Moreover, while this company was still early stage, the fact that two competitors had recently gone public told me a few things. First, at a minimum there were clear, public comps available. This would allow me see how Homebase compared from a metric-to-valuation perspective. Second, given the general SPAC frenzy, I thought that this might make it easier for Homebase to go public via a SPAC in the future since the approach had been ‘proven’. Third, I figured that even if Homebase didn’t go public that way, there were now at least two competitors in the field with a lot of cash that could potentially acquire them down the line. Finally, I thought that the fact the fact that two companies in this space had gone public might indicate that there was something fundamentally successful about the business-model / timing interaction (i.e. it was a sign of a fundamentally good business model at the right time in the market and not just some rockstar team or fluke of luck). Given how hot the SPAC market was, however, it was also possible that this was just another company being sold on hype (I’m looking at you, WeWork).

For all the reasons above, this deal immediately caught my attention enough that I decided to investigate further. Given that the company was already beyond a typical “seed” or “pre-seed” valuation, in my view a ‘spray and pray’ 1/N approach wasn’t appropriate. Therefore, I knew that to even invest at all I needed to feel comfortable that there was a real business there at a reasonable valuation. However, I also thought that the SPAC route might provide a potential far right tail on the distribution, which might effect how much I would invest. I’ll talk more about this later.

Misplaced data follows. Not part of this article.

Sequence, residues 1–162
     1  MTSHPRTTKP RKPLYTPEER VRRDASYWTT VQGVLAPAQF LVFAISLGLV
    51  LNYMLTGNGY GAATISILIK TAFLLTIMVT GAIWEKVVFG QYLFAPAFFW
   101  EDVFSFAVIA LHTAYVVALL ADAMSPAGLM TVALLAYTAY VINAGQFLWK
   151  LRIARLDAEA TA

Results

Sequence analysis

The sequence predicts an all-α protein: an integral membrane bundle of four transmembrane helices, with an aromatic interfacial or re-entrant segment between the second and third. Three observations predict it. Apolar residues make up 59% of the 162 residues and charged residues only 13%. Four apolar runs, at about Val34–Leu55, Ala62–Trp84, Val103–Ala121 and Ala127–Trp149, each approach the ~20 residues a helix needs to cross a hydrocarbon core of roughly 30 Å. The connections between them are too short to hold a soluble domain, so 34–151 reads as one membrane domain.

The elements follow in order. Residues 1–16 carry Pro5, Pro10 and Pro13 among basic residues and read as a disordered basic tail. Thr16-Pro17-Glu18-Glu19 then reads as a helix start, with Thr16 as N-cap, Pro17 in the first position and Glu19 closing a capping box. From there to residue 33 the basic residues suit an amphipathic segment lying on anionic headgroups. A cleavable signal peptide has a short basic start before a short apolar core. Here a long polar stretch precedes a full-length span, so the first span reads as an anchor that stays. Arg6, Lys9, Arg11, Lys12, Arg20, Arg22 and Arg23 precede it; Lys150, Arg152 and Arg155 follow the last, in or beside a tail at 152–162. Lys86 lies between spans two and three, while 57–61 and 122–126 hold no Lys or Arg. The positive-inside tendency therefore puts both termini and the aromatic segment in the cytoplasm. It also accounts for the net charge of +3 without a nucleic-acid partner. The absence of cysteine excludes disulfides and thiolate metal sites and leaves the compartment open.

So I started digging.

Step 02: High Level Market and Competitor Analysis

What I Did
Though I wouldn’t always do this step first, because of the two recent SPACs, there was a treasure trove of relevant data that I could find just by looking at the public documents that each competitor had provided to investors during the process (which were available on their websites), but it was also relatively easy to find other people’s analysis of those companies. I could then triangulate at least some of those data points with other sources just to make sure the numbers seemed reasonable.